Egypt's Islamist president warns he may take measures to protect the nation

Egypt's president said on Sunday he may take unspecified measures to "protect this nation," two days after supporters of his Muslim Brotherhood and the opposition clashed in Cairo.

At least 200 people were injured in the violence, some seriously, outside the headquarters of the Brotherhood, Egypt's most dominant political group.

"If I have to do what is necessary to protect this nation I will, and I am afraid that I may be close to doing so," Morsi said on Twitter, adding that "attempts to show the state as weak are failing." The Islamist took office in June as Egypt's first freely elected president.

Morsi also warned that "appropriate measures" would be taken against politicians found to be behind Friday's violence, regardless of their seniority. Anyone found to be using the media to "incite violence" will also be held accountable, he added. His tweets came hours after Islamists staged a protest outside studios belonging to independent TV networks that are critical of the Egyptian leader.

The Islamists are protesting what they see as the biased coverage of Friday's clashes. The Brotherhood says it does not support the protest.

Friday's clashes followed an assault a week earlier by Brotherhood supporters on protesters painting hostile graffiti outside the group's headquarters. The protesters chanted hostile slogans and taunted Brotherhood supporters when some of them tried to stop demonstrators from posting flyers on the headquarters' outside walls.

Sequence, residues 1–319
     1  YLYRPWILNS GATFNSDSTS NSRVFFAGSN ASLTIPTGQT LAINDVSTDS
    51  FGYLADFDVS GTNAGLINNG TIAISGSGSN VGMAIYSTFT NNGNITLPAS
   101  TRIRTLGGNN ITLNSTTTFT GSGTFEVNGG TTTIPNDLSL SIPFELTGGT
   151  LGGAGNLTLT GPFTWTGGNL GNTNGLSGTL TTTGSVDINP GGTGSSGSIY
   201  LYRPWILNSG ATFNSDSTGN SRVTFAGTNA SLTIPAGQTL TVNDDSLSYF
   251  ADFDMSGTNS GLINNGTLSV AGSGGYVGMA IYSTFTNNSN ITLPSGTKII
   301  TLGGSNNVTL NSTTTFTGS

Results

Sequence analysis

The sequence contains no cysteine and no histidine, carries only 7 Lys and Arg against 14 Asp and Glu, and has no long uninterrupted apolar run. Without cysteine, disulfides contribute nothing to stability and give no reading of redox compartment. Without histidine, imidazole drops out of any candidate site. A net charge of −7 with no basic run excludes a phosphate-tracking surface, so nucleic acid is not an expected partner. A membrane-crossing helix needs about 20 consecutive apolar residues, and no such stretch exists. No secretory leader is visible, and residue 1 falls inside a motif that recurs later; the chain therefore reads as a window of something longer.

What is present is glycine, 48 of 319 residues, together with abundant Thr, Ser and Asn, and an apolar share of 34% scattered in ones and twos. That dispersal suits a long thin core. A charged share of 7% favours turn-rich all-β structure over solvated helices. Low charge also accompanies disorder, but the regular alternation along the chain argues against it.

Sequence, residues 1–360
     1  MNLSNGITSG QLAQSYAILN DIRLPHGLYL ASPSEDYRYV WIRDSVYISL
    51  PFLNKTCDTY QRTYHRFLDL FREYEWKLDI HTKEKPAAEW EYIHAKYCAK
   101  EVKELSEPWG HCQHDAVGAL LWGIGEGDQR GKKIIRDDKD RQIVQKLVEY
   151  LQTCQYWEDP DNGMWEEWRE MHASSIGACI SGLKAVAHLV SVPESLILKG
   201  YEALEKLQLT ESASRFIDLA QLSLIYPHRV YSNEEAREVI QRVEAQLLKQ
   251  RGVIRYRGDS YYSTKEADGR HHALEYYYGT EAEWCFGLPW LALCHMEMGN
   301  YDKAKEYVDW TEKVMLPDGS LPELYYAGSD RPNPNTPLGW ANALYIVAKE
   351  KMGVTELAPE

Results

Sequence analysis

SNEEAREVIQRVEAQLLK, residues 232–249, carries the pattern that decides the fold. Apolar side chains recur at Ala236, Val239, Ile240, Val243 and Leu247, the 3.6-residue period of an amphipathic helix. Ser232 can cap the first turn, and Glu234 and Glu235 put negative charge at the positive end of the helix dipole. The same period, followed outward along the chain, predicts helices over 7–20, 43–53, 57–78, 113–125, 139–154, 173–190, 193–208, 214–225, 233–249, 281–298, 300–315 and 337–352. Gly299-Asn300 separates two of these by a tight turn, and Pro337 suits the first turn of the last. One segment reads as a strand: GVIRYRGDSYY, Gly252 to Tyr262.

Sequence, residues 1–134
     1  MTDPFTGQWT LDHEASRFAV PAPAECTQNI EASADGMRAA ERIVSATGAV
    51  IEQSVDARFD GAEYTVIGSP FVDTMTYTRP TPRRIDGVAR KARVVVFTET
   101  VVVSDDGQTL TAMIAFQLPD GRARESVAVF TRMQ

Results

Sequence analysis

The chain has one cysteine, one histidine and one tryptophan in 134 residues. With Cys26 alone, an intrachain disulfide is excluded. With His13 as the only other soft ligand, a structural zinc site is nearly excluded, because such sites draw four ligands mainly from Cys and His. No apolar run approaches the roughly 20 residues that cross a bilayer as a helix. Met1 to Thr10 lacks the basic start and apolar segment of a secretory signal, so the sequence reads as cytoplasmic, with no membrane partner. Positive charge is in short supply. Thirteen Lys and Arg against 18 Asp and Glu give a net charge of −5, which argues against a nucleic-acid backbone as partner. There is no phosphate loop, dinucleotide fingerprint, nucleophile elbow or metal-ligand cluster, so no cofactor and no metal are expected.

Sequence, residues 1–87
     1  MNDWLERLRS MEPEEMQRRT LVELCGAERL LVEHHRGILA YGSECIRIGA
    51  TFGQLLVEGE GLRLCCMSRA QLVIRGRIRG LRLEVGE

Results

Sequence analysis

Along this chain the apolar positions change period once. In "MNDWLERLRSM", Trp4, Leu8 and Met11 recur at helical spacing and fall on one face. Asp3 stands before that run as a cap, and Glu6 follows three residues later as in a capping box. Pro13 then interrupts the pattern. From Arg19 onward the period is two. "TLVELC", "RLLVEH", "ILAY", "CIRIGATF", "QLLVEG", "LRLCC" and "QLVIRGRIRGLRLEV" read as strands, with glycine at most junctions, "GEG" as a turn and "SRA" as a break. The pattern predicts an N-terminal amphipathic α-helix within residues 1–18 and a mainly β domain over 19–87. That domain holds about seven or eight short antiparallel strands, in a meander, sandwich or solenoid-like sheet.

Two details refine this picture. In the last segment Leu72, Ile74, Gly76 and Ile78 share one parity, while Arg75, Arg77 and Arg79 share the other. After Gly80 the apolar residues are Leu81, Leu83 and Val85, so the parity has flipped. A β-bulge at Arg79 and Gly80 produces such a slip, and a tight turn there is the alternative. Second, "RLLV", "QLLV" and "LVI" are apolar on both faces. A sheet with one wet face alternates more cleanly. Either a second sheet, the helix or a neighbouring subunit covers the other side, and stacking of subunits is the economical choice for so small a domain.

The Brotherhood supporters also assaulted reporters at the scene. The group later said its supporters were provoked by the protesters and that the reporters were part of the protest.

Morsi's tweets made no direct mention of the clashes but appeared to be a prelude to measures against the mostly liberal and secular opposition.

"I call on all political forces not to provide a political cover for violence, rioting and attacks on private and public property," Morsi tweeted. "I will not be happy if investigations find some politicians guilty."

The latest bout of political violence was the worst seen in Egypt since at least 10 people died in clashes between supporters and opponents of Morsi in Cairo in December. Images of bloodied men from both sides were splashed across the front pages of Egypt's newspapers on Sunday and Saturday, giving the distinct impression of a nation torn by strife.

Violence and a quick succession of political crises are deepening the schism in Egypt between Morsi and his Islamist supporters on one hand, and moderate Muslims, secular and leftist Egyptians along with Christians and women on the other.